“Seriously now, you might want to think of getting another job.”

“Do you want me to leave Jonathan?”

“No of course I don’t, but I think they will close us down soon and I would hate to see you without a job and all that entails.”

I shuddered, a friend of mine from University had lost his job a year or two ago in a school, and had ended up in an Unemployment Hostel (now known as “Work Hostels”) in Norfolk and the two letters he had managed to send me had been horrendous, although his subsequent silence was even worse.


“But if I go they won’t replace me, and then we will definitely close.”

“It is only a matter of time, so you should jump. And we would still be friends; whether you like it or not.”

We stood up of one accord and held each other; I could feel his slightly plump body against mine; his smell of Old Spice, his warmth. We kissed briefly and then disengaged and I got on with my work. I knew that he was right, that I would have to find another job and leave all this behind.


That evening Carl came round and we made love.

“I think I love you” he told me.

“Love, what is love? I love WholeEarth and the Highlands of Scotland. Are there no other words.”

“You know what love is” he said, and kissed me, before throwing away his Durex.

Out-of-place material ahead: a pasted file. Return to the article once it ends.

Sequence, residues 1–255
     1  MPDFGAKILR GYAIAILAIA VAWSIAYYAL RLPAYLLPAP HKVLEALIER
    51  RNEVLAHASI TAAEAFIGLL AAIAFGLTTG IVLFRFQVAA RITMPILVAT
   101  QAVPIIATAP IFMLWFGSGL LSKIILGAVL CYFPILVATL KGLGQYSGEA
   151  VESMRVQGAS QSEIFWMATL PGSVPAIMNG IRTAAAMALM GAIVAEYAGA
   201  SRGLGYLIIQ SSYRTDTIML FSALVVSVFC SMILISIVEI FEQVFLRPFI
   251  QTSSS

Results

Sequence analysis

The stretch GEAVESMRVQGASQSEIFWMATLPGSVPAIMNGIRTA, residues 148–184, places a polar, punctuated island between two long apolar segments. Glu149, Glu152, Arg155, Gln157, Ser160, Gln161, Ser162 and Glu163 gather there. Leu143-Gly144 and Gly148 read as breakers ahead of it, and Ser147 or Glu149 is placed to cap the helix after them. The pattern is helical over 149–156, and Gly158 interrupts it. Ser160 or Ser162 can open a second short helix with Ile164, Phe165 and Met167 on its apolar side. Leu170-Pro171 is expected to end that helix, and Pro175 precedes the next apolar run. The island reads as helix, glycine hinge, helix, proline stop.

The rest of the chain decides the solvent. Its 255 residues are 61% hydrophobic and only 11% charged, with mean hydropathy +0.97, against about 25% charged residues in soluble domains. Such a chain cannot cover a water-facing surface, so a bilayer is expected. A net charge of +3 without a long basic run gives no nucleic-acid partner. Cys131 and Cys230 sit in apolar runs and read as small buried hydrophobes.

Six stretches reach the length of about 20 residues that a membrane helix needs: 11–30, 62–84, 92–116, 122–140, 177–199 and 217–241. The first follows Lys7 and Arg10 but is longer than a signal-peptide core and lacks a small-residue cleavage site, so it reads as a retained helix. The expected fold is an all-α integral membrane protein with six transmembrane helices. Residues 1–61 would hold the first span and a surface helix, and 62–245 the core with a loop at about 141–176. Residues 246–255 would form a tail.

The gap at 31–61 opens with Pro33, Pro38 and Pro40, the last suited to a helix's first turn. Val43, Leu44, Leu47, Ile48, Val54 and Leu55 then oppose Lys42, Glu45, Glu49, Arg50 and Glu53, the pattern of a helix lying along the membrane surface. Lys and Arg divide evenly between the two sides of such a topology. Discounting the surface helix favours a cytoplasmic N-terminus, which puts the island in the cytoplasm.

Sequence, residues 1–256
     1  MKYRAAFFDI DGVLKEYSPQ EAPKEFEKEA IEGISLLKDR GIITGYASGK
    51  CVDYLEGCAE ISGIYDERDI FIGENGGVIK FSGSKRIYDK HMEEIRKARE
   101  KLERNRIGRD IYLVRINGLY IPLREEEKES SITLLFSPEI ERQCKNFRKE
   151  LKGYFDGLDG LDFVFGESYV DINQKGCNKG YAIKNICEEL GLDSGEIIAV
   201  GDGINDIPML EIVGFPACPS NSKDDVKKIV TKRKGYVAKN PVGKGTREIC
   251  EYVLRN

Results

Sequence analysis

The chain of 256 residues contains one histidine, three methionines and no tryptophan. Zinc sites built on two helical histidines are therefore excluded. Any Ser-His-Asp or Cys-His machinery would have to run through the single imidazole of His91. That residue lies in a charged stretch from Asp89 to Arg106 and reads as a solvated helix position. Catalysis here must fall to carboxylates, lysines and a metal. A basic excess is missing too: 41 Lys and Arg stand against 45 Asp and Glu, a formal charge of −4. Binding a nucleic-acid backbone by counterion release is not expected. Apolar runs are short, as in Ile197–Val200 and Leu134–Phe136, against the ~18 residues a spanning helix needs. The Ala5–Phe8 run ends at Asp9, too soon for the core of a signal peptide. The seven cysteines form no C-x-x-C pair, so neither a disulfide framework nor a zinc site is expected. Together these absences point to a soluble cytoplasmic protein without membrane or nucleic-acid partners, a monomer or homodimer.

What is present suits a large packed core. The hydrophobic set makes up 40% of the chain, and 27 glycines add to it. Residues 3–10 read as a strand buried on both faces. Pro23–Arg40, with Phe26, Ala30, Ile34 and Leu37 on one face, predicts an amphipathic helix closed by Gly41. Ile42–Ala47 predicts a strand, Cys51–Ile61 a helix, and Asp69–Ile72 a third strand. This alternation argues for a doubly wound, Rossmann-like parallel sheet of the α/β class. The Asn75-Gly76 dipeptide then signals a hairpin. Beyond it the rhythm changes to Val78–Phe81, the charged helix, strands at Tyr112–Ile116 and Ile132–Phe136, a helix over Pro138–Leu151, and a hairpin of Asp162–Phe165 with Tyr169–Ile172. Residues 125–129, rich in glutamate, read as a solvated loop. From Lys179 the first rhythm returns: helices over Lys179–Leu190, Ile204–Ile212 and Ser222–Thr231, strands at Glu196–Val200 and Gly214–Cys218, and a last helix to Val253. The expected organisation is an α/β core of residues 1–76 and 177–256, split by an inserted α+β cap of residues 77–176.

“It does not mean anything anymore.” I told him, deliberately being cross; I wanted him to go so that I could read a bit before going to sleep, but I did not trust him enough to show him my secret stash of books. Not even Jonathan knew about it, although he probably realised I had one, as I am sure that he had one too.


Unfortunately I could not persuade Carl to leave, which meant we spent the evening watching some tedious thriller on the Hitachi, and then the next morning I drove him to work into the city. He turned the Pioneer on as I drove, finding Radio Pop Music.

“This is an old one” I said, as a tune I recognised came on, and I got ready to sing along, but the words never came, “this must be an instrumental version” I said after a moment.

“I don’t remember there being any words, I think it has always just been music. I love it, very uplifting.”

“There you go again; “love”; what does it mean; you love me, you love this song.”

He laughed, “well I do love it…and you.”


The song continued to play

“Really Carl, this used to be on the radio all the time, it is a classic. Something about “lonely people”, and a bit about a priest and an old woman, keeping her face in a jar, whatever that means.”

He looked at me puzzled, “sounds a bit weird, I definitely would have remembered a song like that.”

“But it is famous, I am sure it is.”

“The tune is.”


I asked Jonathan, “do you know that song, something about lonely people and a vicar, “no-one was saved”.”

“Err, no. I listen to classical music.”

“I know you do, but this one is famous, even you would know it.”

“Most pop music I hear is just cheesy tunes with la-laing along. I hate it.  Give me Mozart any day.”

“His operas are good.”

“Operas?  He didn’t write operas, did he? He wrote symphonies and piano concerti.”

“I thought he did, one about a marriage, and one about someone selling his soul to the government… but you are the expert.”

“I thought that I was.”